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In thisreworking of the familiar cumulative tale, young Jack lives with his menagerie of tropical animals in a fabulous tree house by the sea. He has built a fantastic construction of ladders, knotted swinging vines, thatched-roofed platforms, balconies, and swinging bridges into the trunk andboughs of a giantjungle tree. Verburg’s enjoyable text is perfectly paced as she introduces a grinning fly that is snapped atby a lizard that is pecked at by a parrot that is in turn swatted by a cat . . . until all the animals are brought up short by Jack’s ringing of a bell. It announces storytime, and then “Good night to all the things Jack made,” as he goes to sleep in his treetop hammock. Each acrylic spread is alive with brilliant colors and delightful pop-up-in-your-face figures, and imaginative details abound throughout: ingenious pulleys lift pineapples, a fan operated by a bunny using a foot treadle, and a cascading triple birdbath. Teague weaves his magic into every scene, making this a delight for incipient Robinson Crusoes.


Publishers Weekly

        An enormous banyan tree provides the foundation for an industrious boy’s idyllic seaside aerie in this version of the familiar cumulative rhyme. From a long-lens perspective, Jack’s tree house calls to mind the classic board game Chutes and Ladders; pulley systems, swings, and rope ladders link multiple decks built among the tree’s branches. Up close, readers see fun details that include a hammock, a ship’s steering wheel, and a lively menagerie of animal pets—a veritable tropical food chain from fly to monkey, with some helpful squirrels and rabbits along for fun. While Teague’s (the How Do Dinosaurs… series) lush jungle compositions swoop around the structure to show the animals in playful pursuit, Verburg (The Kiss Box) provides an equally entertaining journey. Entirely the master of his island domain, Jack calls the animals to order (“But what’s that sound?/Jack’s ringing a bell!/It’s story time!/They know it well”) as the story makes its way to a bedtime conclusion. Readers will envy Jack’s self-assured confidence and his abode itself, which is worthy of Swiss Family Robinson. Ages 3-6.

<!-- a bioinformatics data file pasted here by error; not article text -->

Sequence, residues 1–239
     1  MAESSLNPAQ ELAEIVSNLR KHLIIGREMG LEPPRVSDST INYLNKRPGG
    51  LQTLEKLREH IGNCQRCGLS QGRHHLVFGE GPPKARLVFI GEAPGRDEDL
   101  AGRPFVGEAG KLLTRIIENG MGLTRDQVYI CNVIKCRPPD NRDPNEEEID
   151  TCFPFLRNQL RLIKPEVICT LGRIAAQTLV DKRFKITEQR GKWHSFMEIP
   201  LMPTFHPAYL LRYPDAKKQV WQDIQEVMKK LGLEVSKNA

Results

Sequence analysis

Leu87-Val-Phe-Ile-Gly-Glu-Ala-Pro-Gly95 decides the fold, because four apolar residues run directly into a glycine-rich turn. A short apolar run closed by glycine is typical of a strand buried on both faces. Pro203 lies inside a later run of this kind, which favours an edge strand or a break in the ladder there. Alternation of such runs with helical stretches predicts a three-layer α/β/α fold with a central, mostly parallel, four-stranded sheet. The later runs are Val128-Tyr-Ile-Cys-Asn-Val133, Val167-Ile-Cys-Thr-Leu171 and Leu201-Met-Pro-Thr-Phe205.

The Horn Book

This version of the old cumulative rhyme “The House that JackBuilt” grabs kids right from the start: the cover shows a small boy waving from one of many balconies in a multilevel structure built in a colossal tree. The book begins with “the fly / that buzzes by / the tree house / that Jack built”; on the next page, a sleepy lizard “snaps at the fly / that buzzes by.” Children will be on the lookout for the next animal, as they each appear in the previous picture, and they will also want a chance to pore over the acrylic paintings that fill every page. Jack has indeed created “marvelous things” in his tree house, from a rabbit-powered fan for the hammock, where a monkey lounges, to an ingenious Rube Goldberg device with pulleys and a waterwheel.The animals stop chasing and pecking and swatting at one another when Jack rings the bell signaling the beginning of storytime, at which he reads them…TheTree House that Jack Built. Both text and pictures expand out beyond the tree to the whales in the sea before Jack and his cat settle down to sleep in a

peaceful ending. A great storytime book with its bouncy rhymes and big pages, it is also a good book to share one-on-one, rewarding repeated porings-over of the pictures. 

Art © copyright 2014 by Mark Teague from The Tree House that Jack Built, published June 1, 2014 by Orchard/Scholastic. Text  © copyright 2014 by Bonnie Verburg. This site is not sponsored by Scholastic Inc. Scholastic Inc. is not responsible for content, permissions, text, or use of videos and image. Approval pending. All rights reserved.